Numerous shows of US citizens support to the decision of the Presidents of Cuba and the United States to restore diplomatic relations between the two nations have been published in The New York Times.
In a letter sent yesterday from Arlington, Virginia, and featured in the Friday edition of the New York newspaper, William Beck, a retired Navy special operations officer, showed his support for the decision made by President Barack Obama.
Finally (Obama) had the good sense and the courage to do the right thing, to end the absurdity of our relationship with Cuba’ wrote Beck.
‘Cuba is not an enemy of the United States. Both sides made mistakes during the Cold War, but we have to look to the future and not dwell on the past. Cuba has historically been part of the regional American family, but he was ostracized. It is time to behave like a family.’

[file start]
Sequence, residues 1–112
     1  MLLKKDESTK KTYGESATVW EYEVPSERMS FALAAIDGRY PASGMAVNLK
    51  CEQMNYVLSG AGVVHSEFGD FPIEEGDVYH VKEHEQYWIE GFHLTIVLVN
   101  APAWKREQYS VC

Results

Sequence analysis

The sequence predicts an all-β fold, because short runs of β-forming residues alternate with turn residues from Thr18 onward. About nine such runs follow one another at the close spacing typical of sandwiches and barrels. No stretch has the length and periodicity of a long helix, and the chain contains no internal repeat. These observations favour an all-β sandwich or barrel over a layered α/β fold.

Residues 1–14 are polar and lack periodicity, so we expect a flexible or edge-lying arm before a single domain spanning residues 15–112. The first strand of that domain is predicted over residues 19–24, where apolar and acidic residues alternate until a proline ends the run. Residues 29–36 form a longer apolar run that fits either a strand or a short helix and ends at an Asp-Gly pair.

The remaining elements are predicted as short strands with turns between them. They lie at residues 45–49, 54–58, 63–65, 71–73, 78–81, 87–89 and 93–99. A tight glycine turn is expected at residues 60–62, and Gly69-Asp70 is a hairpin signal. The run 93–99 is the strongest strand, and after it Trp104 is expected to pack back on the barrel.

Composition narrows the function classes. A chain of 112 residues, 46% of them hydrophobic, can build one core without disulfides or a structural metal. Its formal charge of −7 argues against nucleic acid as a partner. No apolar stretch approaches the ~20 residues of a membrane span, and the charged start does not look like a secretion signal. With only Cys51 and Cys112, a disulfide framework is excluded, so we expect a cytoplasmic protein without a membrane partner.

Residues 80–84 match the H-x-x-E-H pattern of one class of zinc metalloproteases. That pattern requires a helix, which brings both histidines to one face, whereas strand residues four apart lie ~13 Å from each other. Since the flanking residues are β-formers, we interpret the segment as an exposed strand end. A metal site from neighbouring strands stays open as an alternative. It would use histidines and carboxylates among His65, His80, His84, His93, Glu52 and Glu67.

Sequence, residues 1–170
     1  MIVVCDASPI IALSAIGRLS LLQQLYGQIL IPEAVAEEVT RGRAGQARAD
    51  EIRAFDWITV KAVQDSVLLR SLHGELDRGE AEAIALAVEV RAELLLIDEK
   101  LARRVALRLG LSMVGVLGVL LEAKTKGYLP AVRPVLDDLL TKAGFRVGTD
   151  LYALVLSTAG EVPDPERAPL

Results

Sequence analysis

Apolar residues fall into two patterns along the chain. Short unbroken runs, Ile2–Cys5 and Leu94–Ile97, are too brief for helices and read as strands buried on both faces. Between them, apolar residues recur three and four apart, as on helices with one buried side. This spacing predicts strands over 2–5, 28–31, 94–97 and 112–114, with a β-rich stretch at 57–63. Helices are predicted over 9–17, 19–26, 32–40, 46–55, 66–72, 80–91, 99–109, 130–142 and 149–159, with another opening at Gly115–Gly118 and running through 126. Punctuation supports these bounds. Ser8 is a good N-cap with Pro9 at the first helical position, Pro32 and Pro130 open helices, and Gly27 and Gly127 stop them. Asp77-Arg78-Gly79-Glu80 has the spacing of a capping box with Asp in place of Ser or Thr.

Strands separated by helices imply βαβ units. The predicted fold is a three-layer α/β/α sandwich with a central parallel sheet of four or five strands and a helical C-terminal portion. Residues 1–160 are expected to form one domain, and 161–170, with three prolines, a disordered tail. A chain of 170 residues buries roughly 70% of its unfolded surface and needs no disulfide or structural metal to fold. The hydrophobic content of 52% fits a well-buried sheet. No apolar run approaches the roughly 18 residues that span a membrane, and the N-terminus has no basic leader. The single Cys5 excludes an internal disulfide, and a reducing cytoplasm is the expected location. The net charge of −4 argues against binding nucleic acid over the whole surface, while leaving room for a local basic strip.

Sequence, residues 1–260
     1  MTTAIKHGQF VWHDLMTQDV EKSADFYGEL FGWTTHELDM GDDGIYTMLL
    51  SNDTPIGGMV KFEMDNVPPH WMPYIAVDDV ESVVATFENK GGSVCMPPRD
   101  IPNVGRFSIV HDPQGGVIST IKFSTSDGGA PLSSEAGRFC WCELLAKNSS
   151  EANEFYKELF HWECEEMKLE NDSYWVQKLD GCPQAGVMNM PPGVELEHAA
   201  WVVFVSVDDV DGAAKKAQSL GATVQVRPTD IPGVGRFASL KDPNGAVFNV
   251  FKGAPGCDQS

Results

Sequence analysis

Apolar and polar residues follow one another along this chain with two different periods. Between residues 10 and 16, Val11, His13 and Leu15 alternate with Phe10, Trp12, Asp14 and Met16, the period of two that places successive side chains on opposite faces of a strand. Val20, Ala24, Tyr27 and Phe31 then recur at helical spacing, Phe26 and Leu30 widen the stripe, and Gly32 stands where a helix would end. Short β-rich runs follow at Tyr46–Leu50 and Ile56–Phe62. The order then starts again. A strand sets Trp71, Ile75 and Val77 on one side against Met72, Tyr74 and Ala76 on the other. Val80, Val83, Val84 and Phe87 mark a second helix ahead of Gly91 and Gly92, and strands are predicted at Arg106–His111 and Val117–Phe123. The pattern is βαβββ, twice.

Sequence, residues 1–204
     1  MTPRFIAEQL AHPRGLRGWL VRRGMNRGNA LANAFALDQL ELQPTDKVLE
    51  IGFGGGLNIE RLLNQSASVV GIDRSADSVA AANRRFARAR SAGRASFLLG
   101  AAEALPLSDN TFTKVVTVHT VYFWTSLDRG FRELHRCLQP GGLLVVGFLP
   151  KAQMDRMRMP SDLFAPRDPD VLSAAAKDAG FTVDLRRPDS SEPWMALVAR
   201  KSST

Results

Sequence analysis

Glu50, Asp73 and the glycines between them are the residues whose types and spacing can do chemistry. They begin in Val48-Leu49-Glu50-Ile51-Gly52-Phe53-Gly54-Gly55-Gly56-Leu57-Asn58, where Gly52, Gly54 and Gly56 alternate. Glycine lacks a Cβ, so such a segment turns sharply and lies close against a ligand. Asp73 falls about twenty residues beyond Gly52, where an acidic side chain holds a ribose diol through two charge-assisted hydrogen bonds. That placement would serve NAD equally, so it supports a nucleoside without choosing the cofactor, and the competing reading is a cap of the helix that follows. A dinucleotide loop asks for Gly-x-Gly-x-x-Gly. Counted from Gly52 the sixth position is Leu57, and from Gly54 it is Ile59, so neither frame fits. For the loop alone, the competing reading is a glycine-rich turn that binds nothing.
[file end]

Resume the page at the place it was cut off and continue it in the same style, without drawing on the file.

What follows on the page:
Paul Gilfillan, from Bethany, Connecticut, supported the decision to resume diplomatic ties between the two countries, despite those opposed to the measures taken.
‘Senator Marco Rubio and other detractors may preach pessimism for the decision of the president (Obama), but Cubans will soon experience more freedom and economic opportunity’ said Gilfillan.
For Errol C. Isenberg, Sunrise, Florida, the decision to stop the old dispute will benefit the people of both nations, and according to comments in his letter, ‘most Cubans I know, both in Cuba and the United States, welcome the restoration of diplomatic relations between our two countries.
‘To the critics of this movement, I would say that the policy of isolating Cuba through trade embargo has been detrimental to the Cuban people,’ Isenberg said.
Bilsel Alisbah, from Hilton Head, South Carolina, also wrote to the Times acknowledging that Barack Obama is acting like a president.
‘Changing the policy towards Cuba, which has proved a total failure from long ago. I hope that it proves to be a first step in breaking the dominance of small but powerful groups in our foreign policy,’ said Alisbah. ‘Perhaps if he had shown such courage before, he would have been a more popular president’.